Bernhard Rinner, Professor for Pervasive Systems at the Institute of Networked and Embedded Systems, describes the fascination and challenges associated with a highly topical interdisciplinary research field.
Major smartphone manufacturers like Apple want to help us when it comes to quickly locating small devices that we can attach to our key rings or backpacks. The underlying technology promises great potential for industrial and logistic applications. Researchers at the University of Klagenfurt have developed a technology that works up to 60 times faster and 40 times more precisely.
Commercial drones usually come equipped with modest on-board computing power. Consequently, their speed and agility are somewhat limited when they use their cameras like eyes to navigate in space. Samira Hayat, a researcher at the Department of Information Technology, recently joined forces with colleagues from other departments and Deutsche Telekom to investigate the effects of offloading computation to the edge of the network (edge computing).
Whenever people dance in groups, fish swim in shoals and neurons fire in unison, then there is a need for synchronicity. The world has plenty of these phenomena, many of which seem almost magical. Researchers are currently working on replicating this self-organised synchronisation for use in technical systems. Yet they come up against “deadlocks”, where the synchronisation process is jammed. A recent publication in Physical Review E explores new approaches to this tricky issue.
The department of Networked and Embedded Systems is a hub for science and innovation in networked and embedded systems. We offer opportunities for creative minds in an environment that promotes excellence and mutual appreciation. The following positions are offered to further strengthen our team. Read more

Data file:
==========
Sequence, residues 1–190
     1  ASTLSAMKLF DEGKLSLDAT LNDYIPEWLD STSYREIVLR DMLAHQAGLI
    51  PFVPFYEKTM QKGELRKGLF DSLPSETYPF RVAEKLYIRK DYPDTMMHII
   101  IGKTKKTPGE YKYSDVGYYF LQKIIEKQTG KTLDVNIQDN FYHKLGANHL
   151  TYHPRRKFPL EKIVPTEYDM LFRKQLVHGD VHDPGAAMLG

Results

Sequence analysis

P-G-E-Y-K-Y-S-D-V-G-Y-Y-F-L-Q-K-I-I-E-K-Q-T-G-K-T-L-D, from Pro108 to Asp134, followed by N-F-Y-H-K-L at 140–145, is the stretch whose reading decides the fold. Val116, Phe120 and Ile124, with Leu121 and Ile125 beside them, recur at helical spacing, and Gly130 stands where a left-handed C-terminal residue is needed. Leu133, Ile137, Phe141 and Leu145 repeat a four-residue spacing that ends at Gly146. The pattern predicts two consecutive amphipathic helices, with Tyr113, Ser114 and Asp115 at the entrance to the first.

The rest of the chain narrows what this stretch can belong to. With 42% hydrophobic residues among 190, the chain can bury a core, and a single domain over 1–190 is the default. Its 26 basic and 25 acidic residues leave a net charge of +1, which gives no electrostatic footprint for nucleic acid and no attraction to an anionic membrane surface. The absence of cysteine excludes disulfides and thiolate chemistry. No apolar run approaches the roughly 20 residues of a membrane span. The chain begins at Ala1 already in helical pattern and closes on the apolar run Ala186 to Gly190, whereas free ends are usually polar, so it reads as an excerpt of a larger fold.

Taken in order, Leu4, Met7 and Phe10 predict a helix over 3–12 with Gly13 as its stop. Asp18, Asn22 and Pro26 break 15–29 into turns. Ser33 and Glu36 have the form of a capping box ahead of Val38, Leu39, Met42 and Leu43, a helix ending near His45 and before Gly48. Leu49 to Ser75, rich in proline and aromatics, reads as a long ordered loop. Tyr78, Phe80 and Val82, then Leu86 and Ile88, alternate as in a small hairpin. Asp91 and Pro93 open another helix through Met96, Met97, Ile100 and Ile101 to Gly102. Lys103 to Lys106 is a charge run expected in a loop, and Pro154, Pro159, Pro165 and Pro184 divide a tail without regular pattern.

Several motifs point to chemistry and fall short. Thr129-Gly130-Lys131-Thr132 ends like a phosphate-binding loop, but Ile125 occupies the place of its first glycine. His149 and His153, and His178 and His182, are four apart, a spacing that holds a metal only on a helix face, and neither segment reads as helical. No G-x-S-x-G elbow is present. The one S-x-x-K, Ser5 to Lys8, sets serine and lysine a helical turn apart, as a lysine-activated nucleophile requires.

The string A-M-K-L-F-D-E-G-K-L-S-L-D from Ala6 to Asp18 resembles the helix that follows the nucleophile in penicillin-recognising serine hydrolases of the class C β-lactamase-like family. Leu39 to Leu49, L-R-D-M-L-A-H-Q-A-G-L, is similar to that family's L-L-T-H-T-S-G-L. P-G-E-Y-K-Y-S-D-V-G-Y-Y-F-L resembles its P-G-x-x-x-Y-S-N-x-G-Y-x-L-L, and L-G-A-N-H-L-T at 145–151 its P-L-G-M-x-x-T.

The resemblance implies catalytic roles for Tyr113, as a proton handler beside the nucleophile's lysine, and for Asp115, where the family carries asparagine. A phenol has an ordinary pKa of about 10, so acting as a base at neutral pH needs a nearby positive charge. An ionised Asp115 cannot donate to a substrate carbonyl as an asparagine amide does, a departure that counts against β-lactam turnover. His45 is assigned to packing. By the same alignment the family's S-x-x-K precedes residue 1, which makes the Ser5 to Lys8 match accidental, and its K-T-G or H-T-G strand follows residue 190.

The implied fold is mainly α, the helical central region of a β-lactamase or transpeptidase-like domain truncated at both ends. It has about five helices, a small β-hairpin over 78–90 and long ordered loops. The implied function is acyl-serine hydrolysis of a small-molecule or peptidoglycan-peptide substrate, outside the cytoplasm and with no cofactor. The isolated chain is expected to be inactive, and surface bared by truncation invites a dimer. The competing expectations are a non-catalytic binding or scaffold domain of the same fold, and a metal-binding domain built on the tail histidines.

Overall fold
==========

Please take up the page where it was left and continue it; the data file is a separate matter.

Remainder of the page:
Wireless communication is becoming increasingly important in industrial companies, as production processes frequently have to be adapted and optimized. Laying new cables each time would reduce flexibility. Together with the companies Messfeld and Dewesoft and the research institutes JOANNEUM RESEARCH DIGITAL and FH Campus 02, the University of Klagenfurt and Lakeside Labs GmbH have now tested a UWB network in an industrial setting.
Drones are used in an ever-increasing number of applications, including the autonomous delivery of medication and the inspection of industrial plants. To fulfil these tasks safely and reliably as they move through our airspace, drones need to be linked to high-performance cellular networks. The new mobile telecommunication generation 5G promises new possibilities with high data rates and low latency. Working with a 5G base station operated by Magenta in the Austrian community of Feichtendorf, a team of researchers from the University of Klagenfurt, Lakeside Labs GmbH, Magenta Telekom GmbH and Deutsche Telekom AG has recently conducted drone tests in a commercial 5G network. The scientific results were presented at the ACM MobiSys conference in mid-June.
By the year 2022, video content will account for almost 79 percent of mobile data traffic. This means that the level is expected to increase nine-fold in just five years from 2017 to 2022. These ever-growing magnitudes pose new challenges for modern technologies. In a research alliance between the Department of Information Technology, bitmovin GmbH and the joint CD laboratory ATHENA, researchers are now working on a new cloud-based video platform that can keep pace with current demands. Read more
Moving intelligently, robots deployed in a warehouse shift crates from A to B – without getting in each other’s way. What sounds like a very simple example has only recently been made possible thanks to new tools developed in the EU Horizon 2020 project CPSwarm. The project is now in its final phase and the “toolkit” is freely available online for all developers.
It might soon become common for drones to transport goods and people, monitor disaster zones, and bring various forms of relief to areas that are difficult to access. Which communication infrastructure is best suited to facilitate this? Researchers at the University of Klagenfurt have explored potential challenges associated with the use of traditional cellular networks.